On “Children of Blood and Bone” by Tomi Adeyemi

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Zélie has one chance to bring magic back to Orïsha and strike a defeating blow to the monarchy that killed her mother and drained all of the maji (magic-wielders) of their powers. On her journey, she is accompanied by her brother Tzain and Princess Amari, whose father ordered the raids that killed Zélie’s mother. The trio is followed by Inan, Amari’s oldest brother tasked with the job of stopping their plan by his father, the King. Zélie’s powers are new to her and she struggles to contain them and to make sense of who she is now; she is physically the most drained she has ever been and the most powerful. She is her best chance and her worst enemy; battling herself along the way because she doesn’t feel good enough to take on the task at hand. Buy the book to find out if she prevails or not.


Tomi Adeyemi specifically creates an imaginary world that alludes to the very real world we live in. The cities are based on the names of real cities—for example, the palace in this book is located in Lagos, a tribute to Adeyemi’s Nigerian heritage—, and the magical leopanaires sound and resemble leopards here. She also thoughtfully creates struggles in the book that represent a love story to the Black experience; throughout the book, she alludes to interracial and intraracial experiences, colorism, police brutality, misogynoir, and natural hair debates. The social critique is woven through with a special kind of precision that snaps you back to reality once you’ve drifted too far away in this magical, fantasy world.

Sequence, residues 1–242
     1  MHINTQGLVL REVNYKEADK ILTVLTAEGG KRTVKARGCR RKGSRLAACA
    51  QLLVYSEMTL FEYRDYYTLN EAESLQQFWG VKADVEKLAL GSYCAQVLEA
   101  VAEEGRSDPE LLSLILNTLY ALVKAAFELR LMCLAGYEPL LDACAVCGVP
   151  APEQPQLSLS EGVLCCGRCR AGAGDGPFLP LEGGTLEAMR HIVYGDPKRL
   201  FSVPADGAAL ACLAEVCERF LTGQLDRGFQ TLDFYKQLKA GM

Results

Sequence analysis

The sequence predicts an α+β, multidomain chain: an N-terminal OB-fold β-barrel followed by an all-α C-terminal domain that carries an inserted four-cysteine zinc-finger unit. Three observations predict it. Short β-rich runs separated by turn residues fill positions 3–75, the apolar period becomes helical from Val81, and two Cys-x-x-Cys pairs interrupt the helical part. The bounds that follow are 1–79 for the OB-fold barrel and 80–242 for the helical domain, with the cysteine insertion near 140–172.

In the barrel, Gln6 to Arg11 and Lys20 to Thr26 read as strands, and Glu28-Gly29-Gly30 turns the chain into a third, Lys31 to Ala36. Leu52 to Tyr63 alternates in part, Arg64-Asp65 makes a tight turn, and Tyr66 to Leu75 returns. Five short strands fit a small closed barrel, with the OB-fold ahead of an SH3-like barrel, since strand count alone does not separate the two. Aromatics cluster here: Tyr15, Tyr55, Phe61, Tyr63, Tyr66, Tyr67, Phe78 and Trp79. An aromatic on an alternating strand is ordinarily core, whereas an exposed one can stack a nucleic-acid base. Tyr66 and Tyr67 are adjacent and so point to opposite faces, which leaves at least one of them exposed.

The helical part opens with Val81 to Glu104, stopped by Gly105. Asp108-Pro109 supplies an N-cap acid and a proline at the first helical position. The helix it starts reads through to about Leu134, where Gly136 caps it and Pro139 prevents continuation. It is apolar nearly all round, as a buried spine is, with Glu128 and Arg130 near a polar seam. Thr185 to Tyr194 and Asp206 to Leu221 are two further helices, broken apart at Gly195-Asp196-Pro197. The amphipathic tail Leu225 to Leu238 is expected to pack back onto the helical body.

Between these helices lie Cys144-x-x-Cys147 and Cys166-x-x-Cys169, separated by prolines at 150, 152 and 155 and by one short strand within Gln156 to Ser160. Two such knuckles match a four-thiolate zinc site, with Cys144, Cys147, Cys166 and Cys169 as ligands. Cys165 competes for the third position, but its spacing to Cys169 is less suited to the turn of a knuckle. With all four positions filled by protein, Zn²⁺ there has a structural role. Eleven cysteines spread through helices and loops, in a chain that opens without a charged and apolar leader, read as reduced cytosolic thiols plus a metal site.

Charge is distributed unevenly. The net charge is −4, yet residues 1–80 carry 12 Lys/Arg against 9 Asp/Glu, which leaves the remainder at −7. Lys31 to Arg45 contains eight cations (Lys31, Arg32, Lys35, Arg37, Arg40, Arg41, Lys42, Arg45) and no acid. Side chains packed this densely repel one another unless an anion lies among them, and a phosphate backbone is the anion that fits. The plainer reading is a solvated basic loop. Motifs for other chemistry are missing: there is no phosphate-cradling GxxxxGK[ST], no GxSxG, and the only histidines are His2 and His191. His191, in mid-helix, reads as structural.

“When your opponent has no honor, you must fight in different ways, smarter ways.” — Tomi Adeyemi

What makes this book so intriguing is that Adeyemi argues this social critique from three different views: Zélie’s, Amari’s, and Inan ’s. Through Zelie’s point-of-view, we see a powerful, young maji torn between love, duty, and impostor’s syndrome. Through Amari’s point-of-view, we see someone trying to do right but who is also acutely aware that she has benefitted from the oppressive system that she is now trying to overthrow. Through Inan’s point-of-view, we are taken on a long struggle between law and integrity (because legal does not always mean right nor does it mean justified). Tzain’s point of-of-view has not yet been shared, so I do hope to see that in the second and third books. With all of the characters, we see oppression and how it affects the oppressors and the oppressed.

“Courage does not always soar. Valor does not always shine.” — Tomi Adeyemi

One brilliant thing that Adeyemi does in this book is weave together the storylines of Tzain, Amari, Inan, and Zélie. Adeyemi gets you invested with these characters as you settle in for the long ride that is to come, but as soon as you think you know a character or how they will react, she shocks us out of that comfort to change the narrative. She does not give us fantasy tropes and convenience for the story’s sake and that is why I could not put this book down. For this to be Adeyemi’s first novel, it is brilliant work of art that ends on a peak—the cliffhanger on the last sentence left me reeling and going through all of the possibilities of book two. I am excited to see what else Adeyemi is up to and how the characters will continue their journey on the quest for magic and what that means for the rest of the kingdom of Orïsha.